A very traditional orangery creates a great useable space, yet maintains the traditional look compatible with this elegant period townhouse.
Previously, the only access to the garden was down a set of steep steps from the sitting room, which meant the garden was not used very much at all.
Due to the positioning of the house with the ground level being lower at the rear of the property, the general internal workings of the house needed rethinking which involved relocating the kitchen into the new orangery. This not only provided a fabulous generously sized orangery kitchen and dining room, but also gave easy access to the new terrace and garden which created a whole new prospect of indoor/outdoor entertaining.
The key to creating a glazed kitchen extension is designing in enough wall space for appliances and cupboards. This may mean that some windows built in the scheme will be above work top height. Here, a small section of full height wall provides a backdrop for a cooking station and extracting heat and food smells.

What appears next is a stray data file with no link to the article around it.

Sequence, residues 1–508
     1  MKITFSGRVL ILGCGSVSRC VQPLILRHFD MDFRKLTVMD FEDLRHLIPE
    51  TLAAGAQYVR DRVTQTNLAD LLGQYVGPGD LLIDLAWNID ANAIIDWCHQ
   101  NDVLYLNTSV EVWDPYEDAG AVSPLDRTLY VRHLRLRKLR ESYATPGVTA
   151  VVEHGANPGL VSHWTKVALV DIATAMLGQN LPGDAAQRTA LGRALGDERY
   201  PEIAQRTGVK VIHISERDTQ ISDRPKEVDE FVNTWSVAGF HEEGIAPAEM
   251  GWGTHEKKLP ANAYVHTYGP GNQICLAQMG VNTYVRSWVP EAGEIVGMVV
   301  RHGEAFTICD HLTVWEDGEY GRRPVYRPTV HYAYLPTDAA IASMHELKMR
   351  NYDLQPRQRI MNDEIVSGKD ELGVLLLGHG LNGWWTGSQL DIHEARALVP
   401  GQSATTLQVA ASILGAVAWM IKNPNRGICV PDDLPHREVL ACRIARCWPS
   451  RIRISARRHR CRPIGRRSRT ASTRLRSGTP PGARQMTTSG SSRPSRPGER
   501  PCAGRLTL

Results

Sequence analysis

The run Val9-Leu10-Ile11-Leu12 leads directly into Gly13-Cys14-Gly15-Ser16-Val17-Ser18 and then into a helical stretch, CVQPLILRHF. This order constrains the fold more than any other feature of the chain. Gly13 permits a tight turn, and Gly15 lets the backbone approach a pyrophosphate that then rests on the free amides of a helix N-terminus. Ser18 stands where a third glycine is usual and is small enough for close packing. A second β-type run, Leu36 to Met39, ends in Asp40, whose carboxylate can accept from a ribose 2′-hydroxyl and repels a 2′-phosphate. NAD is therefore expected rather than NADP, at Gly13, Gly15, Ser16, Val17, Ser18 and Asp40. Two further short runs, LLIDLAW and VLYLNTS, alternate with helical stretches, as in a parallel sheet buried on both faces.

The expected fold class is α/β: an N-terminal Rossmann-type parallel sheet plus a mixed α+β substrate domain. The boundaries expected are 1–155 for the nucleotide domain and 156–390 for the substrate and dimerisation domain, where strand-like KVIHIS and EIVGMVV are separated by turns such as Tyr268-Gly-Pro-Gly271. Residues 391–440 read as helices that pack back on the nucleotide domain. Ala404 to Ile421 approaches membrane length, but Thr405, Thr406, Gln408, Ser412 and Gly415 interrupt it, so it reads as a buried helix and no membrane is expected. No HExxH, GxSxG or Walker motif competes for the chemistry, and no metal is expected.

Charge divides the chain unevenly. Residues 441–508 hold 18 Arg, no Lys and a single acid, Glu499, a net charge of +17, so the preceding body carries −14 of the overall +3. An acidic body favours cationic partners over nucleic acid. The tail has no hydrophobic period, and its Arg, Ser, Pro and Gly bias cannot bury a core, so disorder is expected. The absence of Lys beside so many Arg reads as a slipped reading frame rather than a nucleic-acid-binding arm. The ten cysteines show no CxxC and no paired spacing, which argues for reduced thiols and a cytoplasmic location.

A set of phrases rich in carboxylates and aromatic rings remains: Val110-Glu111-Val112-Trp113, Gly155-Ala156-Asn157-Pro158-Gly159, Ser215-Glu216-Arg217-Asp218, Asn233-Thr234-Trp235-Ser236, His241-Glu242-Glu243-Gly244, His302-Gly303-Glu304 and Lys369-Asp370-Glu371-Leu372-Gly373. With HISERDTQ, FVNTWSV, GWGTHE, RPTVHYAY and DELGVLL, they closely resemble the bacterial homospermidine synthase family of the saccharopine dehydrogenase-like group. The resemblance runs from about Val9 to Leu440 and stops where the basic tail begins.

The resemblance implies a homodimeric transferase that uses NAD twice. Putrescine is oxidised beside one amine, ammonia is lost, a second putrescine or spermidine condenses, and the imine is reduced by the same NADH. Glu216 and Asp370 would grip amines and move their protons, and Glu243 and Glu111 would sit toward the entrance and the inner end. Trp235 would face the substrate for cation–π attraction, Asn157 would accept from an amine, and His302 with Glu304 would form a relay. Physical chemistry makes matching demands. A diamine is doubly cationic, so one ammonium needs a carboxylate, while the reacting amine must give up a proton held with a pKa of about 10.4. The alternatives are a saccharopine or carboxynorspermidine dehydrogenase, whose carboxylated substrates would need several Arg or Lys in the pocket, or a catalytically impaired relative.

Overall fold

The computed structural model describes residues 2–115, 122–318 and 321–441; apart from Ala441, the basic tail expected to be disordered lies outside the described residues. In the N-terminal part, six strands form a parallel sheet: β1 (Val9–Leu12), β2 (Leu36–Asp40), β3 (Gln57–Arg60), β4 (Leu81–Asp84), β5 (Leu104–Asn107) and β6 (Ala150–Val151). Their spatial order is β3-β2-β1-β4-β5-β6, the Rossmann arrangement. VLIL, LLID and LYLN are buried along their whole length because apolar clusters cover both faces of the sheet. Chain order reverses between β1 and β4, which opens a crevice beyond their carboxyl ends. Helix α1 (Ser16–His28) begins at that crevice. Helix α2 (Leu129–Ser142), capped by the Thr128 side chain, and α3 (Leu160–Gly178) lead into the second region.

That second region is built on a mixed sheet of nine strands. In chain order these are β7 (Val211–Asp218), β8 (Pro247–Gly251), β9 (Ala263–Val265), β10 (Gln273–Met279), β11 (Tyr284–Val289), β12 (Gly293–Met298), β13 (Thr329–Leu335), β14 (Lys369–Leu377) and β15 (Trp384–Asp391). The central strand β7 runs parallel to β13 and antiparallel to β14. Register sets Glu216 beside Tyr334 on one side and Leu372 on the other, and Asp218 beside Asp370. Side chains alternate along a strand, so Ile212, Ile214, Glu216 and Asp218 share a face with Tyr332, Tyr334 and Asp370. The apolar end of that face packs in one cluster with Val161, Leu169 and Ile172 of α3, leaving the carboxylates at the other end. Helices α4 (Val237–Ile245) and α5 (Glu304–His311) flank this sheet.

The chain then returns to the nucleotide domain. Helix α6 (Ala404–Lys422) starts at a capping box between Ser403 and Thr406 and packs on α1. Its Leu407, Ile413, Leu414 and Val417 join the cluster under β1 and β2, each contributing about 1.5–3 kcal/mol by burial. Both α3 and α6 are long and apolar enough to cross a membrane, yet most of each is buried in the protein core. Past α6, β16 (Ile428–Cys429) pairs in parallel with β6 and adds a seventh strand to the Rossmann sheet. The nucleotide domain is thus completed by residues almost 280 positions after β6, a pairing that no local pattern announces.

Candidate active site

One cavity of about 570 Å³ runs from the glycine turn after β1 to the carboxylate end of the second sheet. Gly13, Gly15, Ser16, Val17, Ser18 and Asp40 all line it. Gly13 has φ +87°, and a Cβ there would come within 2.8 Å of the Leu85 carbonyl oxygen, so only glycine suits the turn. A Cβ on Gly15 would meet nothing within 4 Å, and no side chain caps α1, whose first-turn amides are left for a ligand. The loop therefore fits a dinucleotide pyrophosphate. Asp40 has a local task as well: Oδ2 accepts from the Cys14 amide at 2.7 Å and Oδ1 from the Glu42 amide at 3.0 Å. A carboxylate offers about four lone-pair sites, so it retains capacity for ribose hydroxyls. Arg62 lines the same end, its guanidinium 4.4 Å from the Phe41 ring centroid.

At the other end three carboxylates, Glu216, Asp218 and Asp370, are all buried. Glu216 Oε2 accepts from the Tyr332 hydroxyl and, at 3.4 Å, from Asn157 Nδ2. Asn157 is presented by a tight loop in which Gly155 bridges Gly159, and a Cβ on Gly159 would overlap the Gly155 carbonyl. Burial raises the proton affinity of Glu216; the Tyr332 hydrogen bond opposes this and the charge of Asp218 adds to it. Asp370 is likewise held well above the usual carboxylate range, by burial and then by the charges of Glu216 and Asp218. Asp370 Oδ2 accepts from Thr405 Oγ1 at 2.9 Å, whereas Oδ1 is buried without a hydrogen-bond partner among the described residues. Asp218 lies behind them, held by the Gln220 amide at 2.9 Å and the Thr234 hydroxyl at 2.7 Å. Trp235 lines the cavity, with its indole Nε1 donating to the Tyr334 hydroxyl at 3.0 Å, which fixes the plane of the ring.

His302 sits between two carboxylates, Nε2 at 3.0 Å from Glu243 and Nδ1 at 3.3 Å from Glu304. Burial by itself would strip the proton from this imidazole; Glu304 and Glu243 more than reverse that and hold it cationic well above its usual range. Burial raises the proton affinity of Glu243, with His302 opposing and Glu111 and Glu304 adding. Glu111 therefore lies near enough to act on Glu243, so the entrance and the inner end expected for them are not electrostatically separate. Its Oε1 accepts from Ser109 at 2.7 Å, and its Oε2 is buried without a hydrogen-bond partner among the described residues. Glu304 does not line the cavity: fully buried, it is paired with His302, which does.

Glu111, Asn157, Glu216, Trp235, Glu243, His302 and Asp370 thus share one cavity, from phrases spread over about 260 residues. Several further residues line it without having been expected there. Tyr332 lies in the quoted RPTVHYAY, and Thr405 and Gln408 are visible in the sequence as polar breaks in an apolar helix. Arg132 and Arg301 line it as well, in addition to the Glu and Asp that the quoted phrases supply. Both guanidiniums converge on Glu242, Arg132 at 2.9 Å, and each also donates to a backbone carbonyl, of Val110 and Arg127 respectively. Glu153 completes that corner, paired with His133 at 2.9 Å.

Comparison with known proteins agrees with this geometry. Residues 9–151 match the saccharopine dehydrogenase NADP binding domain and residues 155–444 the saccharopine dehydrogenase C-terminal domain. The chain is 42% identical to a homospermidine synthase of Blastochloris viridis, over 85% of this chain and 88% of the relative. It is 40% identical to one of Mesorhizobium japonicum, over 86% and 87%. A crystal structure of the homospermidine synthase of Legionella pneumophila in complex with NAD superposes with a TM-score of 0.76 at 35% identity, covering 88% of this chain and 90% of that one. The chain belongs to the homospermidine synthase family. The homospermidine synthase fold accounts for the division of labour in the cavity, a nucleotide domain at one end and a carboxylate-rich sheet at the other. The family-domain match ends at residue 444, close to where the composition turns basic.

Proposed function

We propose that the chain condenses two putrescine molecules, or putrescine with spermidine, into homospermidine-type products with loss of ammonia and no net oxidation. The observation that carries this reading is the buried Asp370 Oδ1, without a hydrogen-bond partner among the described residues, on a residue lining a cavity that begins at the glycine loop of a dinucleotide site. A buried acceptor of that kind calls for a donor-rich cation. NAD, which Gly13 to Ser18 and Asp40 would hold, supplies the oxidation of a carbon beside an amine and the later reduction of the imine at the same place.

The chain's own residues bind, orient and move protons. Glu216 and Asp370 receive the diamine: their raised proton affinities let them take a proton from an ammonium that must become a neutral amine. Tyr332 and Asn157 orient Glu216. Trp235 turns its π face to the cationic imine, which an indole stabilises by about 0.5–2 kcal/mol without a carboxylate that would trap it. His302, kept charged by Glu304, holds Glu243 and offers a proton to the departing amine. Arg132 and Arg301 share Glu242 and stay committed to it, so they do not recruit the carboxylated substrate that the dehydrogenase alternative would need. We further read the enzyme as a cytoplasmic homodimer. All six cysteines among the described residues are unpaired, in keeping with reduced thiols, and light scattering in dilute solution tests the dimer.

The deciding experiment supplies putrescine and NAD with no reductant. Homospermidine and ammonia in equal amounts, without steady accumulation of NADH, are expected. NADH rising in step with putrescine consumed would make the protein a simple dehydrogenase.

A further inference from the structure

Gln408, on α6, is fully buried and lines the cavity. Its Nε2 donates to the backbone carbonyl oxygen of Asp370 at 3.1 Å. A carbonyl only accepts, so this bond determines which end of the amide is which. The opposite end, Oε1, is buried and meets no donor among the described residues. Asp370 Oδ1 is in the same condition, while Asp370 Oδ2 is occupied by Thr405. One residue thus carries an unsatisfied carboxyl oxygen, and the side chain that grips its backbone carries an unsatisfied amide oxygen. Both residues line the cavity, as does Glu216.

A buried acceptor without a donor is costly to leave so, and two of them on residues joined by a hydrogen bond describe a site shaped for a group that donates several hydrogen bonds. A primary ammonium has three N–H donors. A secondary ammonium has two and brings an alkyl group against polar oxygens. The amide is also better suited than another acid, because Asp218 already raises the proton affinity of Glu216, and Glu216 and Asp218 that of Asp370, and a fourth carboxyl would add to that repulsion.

Even with an AGA on in the summer, the temperature in this room is surprisingly well controlled.
Windows either side of the cooker, in conjunction with good roof ventilation keep the room cool, whilst underfloor heating warms the room on colder days.
We love the symmetry in this room.
The inset box gutter between the twin lanterns, and above the central island unit, provides the perfect place to hang feature pendant lights.
The lanterns with three pairs of curved doors painted ‘Putty’ contrast beautifully with the clean white walls, ceilings and surfaces.